It all started with tips from now former iHeartMedia employees that they were being pink slipped in several markets throughout the country (we’ve received the same tips from now former CBS employees). It leaves many people in the radio industry scratching their heads, wondering just how deep you can cut into these companies and deliver a product the consumer continues to love. Then, it was time for CEO’s from some of radio’s public companies to start reporting first quarter earnings. And, to be honest, there wasn’t a lot of happy talk.
As Facebook was reporting a 51 percent increase in revenue ($8 Billion) in the quarter, radio executives were struggling with how to explain why they were either flat or down without those piles of political ad revenue from 2016 to help prop them up. While everyone in the industry knows the first quarter is traditionally radio’s weakest, there was no clear signal from any of the CEO’s that reported that things will pick up all that much moving forward. In addition to the stories that follow, here’s a sample of what we heard yesterday.
- When asked, ‘Why the softness?’ Radio One CEO Alfred Liggins said, “I don’t know the answer” (Radio One is pacing down in Q2).
- Saga CEO Ed Christian said “Flat being the up for radio is back in play” (Saga says pacing is uncertain and unpredictable).
- iHeartMedia CFO Richard Bressler repeatedly stated how surprised the company was with the softness of the ad market (iHeart is pacing down in Q2).
On the positive side, Radio Ink’s 2017 Independent Operator issue set for release on May 22, includes in-depth interviews with five Independent Operators across the country. We discuss how they succeed and make money at radio every day, how they keep good employees and what advertisers are saying about radi in their markets. Here’s a sample from Impact Radio Group CEO Darrell Calton.
“The best part of being an independent is the ability to move fast. There are situations almost weekly that we can respond quickly as decision making is done on the spot and we trust our managers to make them without having to chase down the GM or myself. Of course there is a framework for the types of decisions that require approval but for the most part our folks get it right.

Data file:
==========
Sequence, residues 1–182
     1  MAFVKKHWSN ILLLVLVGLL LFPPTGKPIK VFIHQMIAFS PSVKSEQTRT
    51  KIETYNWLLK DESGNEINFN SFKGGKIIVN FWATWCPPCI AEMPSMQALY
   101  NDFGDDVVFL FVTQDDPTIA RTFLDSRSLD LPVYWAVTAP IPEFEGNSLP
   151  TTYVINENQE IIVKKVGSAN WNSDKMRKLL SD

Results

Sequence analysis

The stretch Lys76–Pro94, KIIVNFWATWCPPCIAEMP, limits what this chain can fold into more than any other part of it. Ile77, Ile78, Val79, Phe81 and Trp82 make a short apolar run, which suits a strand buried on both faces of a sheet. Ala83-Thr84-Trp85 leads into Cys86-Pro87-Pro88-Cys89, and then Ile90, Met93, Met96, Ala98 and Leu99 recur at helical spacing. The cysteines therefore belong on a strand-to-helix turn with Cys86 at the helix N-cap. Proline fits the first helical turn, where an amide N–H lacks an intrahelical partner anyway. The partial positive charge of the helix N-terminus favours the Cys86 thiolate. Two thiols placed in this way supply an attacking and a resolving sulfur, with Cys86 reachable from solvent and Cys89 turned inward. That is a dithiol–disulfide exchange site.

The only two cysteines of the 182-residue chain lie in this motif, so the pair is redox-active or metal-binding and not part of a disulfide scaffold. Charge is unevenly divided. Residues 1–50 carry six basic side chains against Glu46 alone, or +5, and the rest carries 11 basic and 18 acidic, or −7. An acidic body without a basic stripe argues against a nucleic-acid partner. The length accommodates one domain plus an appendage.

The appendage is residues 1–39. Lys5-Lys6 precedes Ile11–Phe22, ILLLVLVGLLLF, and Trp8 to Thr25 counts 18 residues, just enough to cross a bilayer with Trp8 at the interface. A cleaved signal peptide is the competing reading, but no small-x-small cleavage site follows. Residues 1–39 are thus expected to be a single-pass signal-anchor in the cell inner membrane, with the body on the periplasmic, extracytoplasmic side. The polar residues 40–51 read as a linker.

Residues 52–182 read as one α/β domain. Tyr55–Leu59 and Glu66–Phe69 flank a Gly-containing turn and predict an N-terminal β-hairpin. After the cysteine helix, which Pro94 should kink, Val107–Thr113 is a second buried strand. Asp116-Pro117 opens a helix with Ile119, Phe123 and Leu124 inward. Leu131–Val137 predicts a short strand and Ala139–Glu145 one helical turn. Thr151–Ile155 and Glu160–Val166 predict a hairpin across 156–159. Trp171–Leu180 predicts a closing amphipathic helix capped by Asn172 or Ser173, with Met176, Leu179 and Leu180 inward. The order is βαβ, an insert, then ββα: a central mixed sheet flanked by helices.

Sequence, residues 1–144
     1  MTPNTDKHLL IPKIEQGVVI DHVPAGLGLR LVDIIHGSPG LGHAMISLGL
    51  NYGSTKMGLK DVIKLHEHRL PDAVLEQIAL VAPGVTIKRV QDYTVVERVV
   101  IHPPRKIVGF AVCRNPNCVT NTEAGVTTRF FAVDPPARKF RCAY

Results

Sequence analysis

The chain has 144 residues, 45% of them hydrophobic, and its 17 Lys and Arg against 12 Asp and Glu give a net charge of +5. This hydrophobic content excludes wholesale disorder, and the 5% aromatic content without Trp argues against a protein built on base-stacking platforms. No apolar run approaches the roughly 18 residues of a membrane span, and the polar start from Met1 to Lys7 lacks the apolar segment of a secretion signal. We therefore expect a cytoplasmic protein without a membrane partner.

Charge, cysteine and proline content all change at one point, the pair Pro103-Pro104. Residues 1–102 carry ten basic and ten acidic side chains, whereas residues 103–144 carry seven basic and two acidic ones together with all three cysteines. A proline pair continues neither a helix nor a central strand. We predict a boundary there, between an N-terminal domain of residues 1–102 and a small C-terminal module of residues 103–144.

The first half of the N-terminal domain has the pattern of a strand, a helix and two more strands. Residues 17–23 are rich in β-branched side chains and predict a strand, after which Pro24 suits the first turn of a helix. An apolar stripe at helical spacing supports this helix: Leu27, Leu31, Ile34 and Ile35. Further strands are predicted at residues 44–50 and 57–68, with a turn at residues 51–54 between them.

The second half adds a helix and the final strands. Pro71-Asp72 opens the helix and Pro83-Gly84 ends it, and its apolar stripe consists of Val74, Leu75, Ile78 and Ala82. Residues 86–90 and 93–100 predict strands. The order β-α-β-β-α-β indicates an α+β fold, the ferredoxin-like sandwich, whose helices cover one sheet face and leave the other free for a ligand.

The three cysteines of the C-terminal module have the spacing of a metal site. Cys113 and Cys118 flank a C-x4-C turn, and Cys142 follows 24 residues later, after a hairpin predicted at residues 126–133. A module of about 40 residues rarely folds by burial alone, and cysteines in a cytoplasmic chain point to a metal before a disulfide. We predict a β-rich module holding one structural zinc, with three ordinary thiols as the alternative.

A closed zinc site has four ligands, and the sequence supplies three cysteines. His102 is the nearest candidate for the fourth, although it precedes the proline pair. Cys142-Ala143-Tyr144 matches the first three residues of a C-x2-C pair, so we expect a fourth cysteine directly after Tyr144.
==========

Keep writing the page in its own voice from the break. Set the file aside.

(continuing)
“Whether it is counter programming to something a competitor has just done, strategic situational opportunities that pop up or employee emergencies of almost any type, we are prepared to deal with whatever it is and move on. Understanding that our people are the greatest assets we have is key. While there is nothing wrong with being part of a corporate environment, there is no denying that it is a different culture.
“We used to have a great football coach here in Boise. His name is Chris Peterson, now with the Washington Huskies. Coach Peterson has a philosophy which he boils down to this. Create a culture where everyone knows the end vision and recruit OKGs (Our kind of guy or our kind of gal). Because of the pace we work we need OKGs that are able to bring teamwork, coach-ability, communication, drive and passion to win to the table. With an independent we are free to asses and create the type of culture we want but more importantly change it when it stalls or does not work. That is a much harder process on a corporate level.”